Such autonomous AI isn’t something we’ll be able to develop immediately, but I think we’re looking at taking our first steps down that path in the surprisingly near future, perhaps within 3-5 years.
The next and final lecture outline we’ll bring you is by Hiroshi Yamakawa, head of the Dwango Artificial Intelligence Laboratory and the chair of the nonprofit Whole Brain Architecture Initiative, on the topic of Artificial Minds and Creativity.
■ Content Tokyo Special Lectures: AI × Creativity, related articles (4 articles)
・【Article 1】 Flash Report～Could AI Bring the Works of Osamu Tezuka into Reality?～
・【Article 2】Dr. Matsubara Hitoshi, Lecture Report～Artificial Intelligence and Creativity～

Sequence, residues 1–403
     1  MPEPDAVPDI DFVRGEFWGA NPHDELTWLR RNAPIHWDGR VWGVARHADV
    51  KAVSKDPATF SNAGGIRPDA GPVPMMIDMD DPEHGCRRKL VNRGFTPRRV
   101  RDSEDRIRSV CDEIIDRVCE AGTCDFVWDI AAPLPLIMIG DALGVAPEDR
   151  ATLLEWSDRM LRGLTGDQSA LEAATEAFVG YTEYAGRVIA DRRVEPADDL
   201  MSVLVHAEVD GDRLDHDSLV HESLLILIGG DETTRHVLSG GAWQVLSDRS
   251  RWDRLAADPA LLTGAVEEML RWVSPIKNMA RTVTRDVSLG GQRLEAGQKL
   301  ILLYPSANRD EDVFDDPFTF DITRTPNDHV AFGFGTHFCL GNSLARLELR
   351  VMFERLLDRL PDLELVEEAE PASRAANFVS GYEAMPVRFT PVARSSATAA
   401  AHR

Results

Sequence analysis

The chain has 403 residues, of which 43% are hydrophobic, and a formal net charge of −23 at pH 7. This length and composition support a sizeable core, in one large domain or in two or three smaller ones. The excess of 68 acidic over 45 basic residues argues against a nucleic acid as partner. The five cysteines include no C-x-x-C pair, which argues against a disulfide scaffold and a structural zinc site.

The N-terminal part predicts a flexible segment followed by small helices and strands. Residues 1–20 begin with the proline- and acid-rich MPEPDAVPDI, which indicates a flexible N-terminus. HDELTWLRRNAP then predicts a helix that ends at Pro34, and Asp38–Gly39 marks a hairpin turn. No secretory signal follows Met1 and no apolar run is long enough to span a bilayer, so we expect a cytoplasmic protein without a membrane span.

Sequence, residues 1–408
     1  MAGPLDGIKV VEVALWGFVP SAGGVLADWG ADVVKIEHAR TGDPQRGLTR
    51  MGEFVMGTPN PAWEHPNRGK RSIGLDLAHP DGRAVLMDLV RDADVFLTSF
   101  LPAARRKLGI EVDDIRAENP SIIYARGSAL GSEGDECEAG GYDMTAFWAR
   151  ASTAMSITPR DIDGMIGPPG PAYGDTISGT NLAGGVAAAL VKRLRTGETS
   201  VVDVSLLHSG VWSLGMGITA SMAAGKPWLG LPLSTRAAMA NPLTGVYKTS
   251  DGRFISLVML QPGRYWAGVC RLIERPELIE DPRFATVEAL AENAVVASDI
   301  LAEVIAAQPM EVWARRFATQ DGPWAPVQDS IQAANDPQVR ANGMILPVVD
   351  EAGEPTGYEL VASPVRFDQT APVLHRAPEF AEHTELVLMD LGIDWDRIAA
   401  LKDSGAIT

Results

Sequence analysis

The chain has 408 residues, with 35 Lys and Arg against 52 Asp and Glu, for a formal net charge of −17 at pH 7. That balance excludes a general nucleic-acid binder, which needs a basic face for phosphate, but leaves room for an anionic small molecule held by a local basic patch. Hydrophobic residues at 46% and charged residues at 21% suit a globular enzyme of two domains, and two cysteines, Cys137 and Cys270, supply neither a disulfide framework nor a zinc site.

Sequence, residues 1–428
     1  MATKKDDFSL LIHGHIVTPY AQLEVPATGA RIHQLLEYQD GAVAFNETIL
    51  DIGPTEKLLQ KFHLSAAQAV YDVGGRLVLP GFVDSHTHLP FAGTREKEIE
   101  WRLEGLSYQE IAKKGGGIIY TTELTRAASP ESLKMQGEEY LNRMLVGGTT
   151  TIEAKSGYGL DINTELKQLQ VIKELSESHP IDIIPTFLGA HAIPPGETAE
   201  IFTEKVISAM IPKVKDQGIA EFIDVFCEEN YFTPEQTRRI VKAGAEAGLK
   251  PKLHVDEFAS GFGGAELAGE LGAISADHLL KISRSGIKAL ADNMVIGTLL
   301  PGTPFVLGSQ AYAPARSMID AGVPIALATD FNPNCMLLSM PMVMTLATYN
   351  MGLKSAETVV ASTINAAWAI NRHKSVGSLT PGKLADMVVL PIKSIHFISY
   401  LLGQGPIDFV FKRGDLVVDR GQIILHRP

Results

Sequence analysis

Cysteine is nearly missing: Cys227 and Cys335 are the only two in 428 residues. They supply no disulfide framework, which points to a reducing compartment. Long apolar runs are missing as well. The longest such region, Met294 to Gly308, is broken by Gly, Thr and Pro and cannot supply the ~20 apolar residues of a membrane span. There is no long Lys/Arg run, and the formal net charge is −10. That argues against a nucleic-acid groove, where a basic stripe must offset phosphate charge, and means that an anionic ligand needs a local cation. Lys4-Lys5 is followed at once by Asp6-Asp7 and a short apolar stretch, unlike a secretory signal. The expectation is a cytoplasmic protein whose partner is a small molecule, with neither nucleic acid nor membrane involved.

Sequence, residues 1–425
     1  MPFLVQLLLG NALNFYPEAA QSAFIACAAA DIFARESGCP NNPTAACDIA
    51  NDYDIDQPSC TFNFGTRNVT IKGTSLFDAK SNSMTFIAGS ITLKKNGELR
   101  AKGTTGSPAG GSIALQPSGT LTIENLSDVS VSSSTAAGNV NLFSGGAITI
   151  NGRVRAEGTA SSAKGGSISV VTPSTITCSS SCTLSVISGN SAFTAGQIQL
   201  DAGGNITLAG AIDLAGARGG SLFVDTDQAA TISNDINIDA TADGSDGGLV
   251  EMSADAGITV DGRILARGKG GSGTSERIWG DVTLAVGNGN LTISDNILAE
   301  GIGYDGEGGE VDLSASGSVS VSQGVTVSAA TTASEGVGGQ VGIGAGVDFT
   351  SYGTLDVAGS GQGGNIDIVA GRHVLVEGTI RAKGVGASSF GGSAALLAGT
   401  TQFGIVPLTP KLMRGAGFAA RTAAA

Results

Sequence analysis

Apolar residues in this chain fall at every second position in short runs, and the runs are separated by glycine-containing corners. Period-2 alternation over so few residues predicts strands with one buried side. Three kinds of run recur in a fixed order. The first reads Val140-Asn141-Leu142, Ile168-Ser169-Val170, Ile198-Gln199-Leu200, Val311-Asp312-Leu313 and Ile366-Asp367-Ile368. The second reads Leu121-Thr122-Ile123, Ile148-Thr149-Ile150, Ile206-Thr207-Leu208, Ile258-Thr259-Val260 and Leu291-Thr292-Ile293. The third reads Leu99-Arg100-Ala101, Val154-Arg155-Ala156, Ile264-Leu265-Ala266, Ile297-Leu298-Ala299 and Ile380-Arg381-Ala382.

・【Article 3】Report on Satoshi Kurihara’s Talk～ The Essence of Creativity and the Key to Innovation by AI ～
・【Article 4】Report on Hiroshi Yamakawa’s Talk～Artificial Minds and Creativity～
*Osamu Tezuka’s Digital Clone Project
In Atom: The Beginning, the Nerima University Lab 7 is the laboratory of the young Drs. Tenma and Ochanomizu, later to go on to create Atom. This project aims to create such a place in reality, starting with actual AI researchers, and aiming to develop an Osamu Tezuka Digital Clone AI, a creative AI entity which could help creators with their work.
For inquiries, please contact:
*The anime series Atom: The Beginning airs on NHK every Saturday at 11:00pm!
*This comic is currently being serialized in the monthly comic magazine Heros, and six separate volumes are now for sale!
*FRI supports Atom: The Beginning, Content Tokyo’s special lecture, and the Osamu Tezuka Digital Clone Project.